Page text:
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SVM with gaussian kernel (RBF kernel) have infinite VC-dimension and the VC-dimension for SVM with polynomial kernels is very big too. Thus, I wonder how is possible that SVM have good generalization performances. In SRM (structural risk minimization) as larger is the VC dimension as larger is the risk. I know that SVM algorithm selects the hyperplane with minimum VC dimension (namely with minimum margin) however if the VC-dimension is infinite (like in gaussian kernels) this minimum is infinite and the risk will be likely high. How is it possible?

(the question is more specific than an other already existing)

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  • $\begingroup$ You mean maximum margin not minimum margin $\endgroup$ – MotiNK May 11 '17 at 11:42
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Note that the VC dimension for the SVM is at most the dimension of the data in kernel space.

The generalization capabilities of SVM arise through the margin, see for example herehttps://www.cs.utah.edu/~piyush/teaching/27-9-print.pdf on page 13 where they use Vapnik's bound on classifiers having a specific margin $\gamma$ (these are actually for classifiers which don't make mistakes on the training data but the point is illustrative). Specifically: $$ VC(H_\gamma) \leq \min\left\{D, \left\lceil\frac{4R^2}{\gamma^2}\right\rceil\right\} $$ where $D$ is the dimension of the data, and $||x_i|| \leq R$ for all data (so for RBF, $D=\infty$ and $R=1$)

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  • $\begingroup$ Yes, the VC-dimension of a SVM with a kernel that encounter Mercer's condition is VC(H)+1 where H is the dimension of minimum space where the training samples are mapped from that kernel(and this minimum space is infinite for RBF kernel).Thus SVM gaussian kernels have infinite VC-dimension. I knew the result that you posted but D is the dimension of data (the number of features) not the VC-dimension. However this last result tells that VC-Dimension is limited, but the other result tells us that VC-dimension should be infinite for RBF kernels.The two seem to be opposed.How is it possible? $\endgroup$ – Umbert May 11 '17 at 16:32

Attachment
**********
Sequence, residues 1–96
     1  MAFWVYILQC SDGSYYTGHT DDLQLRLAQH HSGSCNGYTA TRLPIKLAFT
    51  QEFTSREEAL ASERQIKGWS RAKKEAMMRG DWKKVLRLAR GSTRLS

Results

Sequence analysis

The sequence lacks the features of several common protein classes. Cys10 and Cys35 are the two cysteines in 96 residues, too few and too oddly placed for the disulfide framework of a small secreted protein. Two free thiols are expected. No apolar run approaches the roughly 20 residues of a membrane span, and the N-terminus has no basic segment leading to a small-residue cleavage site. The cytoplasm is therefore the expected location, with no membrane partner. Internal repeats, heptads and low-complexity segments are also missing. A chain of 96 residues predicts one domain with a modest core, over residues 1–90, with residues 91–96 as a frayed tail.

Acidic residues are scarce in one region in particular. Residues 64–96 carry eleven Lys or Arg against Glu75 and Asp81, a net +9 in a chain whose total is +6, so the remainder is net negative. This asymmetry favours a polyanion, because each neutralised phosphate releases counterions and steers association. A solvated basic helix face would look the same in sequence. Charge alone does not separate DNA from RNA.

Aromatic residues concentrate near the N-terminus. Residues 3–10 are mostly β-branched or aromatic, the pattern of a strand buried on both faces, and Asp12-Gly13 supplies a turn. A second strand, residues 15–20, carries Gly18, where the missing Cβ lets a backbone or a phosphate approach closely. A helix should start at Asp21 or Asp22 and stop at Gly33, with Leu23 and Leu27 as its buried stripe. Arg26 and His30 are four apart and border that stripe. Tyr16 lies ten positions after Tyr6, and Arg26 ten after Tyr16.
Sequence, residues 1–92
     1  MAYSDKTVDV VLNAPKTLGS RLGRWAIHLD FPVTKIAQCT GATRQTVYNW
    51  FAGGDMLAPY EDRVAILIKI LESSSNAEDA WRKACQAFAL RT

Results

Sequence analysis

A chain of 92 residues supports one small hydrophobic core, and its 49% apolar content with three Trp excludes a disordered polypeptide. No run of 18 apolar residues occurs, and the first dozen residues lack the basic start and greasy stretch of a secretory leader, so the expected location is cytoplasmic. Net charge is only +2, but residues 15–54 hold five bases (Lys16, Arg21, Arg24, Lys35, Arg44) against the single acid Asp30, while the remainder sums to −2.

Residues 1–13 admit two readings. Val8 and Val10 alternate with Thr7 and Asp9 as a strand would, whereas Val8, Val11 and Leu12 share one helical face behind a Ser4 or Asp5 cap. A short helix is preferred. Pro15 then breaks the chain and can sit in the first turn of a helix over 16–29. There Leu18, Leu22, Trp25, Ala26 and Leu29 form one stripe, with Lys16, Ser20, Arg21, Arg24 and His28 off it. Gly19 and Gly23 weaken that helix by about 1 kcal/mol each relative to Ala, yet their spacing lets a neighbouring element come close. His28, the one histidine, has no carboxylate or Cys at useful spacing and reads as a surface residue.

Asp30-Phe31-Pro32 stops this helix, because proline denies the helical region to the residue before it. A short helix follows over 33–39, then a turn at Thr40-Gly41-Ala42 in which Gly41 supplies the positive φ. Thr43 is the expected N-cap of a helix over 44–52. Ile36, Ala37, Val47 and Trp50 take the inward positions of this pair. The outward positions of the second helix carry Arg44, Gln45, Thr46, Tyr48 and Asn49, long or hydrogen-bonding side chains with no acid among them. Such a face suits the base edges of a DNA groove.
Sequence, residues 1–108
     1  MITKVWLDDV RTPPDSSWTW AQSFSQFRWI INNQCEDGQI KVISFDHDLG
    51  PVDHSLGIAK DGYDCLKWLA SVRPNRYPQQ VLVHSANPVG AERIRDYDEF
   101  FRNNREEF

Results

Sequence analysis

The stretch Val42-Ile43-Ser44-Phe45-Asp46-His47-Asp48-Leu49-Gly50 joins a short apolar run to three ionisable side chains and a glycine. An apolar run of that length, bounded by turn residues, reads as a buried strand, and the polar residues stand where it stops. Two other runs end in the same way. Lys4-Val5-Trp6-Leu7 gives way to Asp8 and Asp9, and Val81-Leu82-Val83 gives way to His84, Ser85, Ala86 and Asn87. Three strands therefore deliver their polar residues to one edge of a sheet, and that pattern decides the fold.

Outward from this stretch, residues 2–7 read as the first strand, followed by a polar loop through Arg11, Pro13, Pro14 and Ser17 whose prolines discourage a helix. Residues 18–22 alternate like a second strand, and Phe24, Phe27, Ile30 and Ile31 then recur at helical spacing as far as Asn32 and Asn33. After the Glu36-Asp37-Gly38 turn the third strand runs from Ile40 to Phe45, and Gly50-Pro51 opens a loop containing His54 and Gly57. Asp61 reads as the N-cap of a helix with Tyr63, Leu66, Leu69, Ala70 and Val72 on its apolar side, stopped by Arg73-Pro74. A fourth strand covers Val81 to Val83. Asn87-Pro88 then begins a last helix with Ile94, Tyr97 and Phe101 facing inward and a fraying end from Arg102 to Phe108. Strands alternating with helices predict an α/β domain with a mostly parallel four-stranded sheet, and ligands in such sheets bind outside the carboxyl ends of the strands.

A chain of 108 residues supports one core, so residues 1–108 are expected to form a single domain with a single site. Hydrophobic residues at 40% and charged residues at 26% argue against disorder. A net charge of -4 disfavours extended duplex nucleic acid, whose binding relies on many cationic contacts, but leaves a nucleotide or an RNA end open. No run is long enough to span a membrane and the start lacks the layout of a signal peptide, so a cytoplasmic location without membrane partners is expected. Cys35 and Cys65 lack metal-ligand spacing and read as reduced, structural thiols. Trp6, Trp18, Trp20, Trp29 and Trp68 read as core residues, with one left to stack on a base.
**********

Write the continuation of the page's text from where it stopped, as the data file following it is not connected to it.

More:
• $\begingroup$ You're right about the dimension of data vs VC-dimension (and I've updated the answer to reflect that). $\endgroup$ – MotiNK May 12 '17 at 7:26
  • $\begingroup$ Your statement is inaccurate. The VC-dimension for SVM is upper-bounded by the value you give - it is not equal to it for all margins. Yes, with RBF kernel if we have a margin $\gamma \rightarrow 0$ then indeed our bound does become infinite, but if it is lower-bounded for the data, then we have a limit to the VC-dimension. In other words, SVM with RBF kernel CAN have infinite VC-dimension, but by maximizing the margin we choose a classifier belonging to a class of limited VC-dimension (and given the kernel it is indeed the minimizer of the above bound). $\endgroup$ – MotiNK May 12 '17 at 7:31
  • $\begingroup$ Thanks. Ok the statement "CAN HAVE" for me was "HAVE", instead maximizing the margin the VC-dimension is limited. Now it's all clear $\endgroup$ – Umbert May 15 '17 at 13:55

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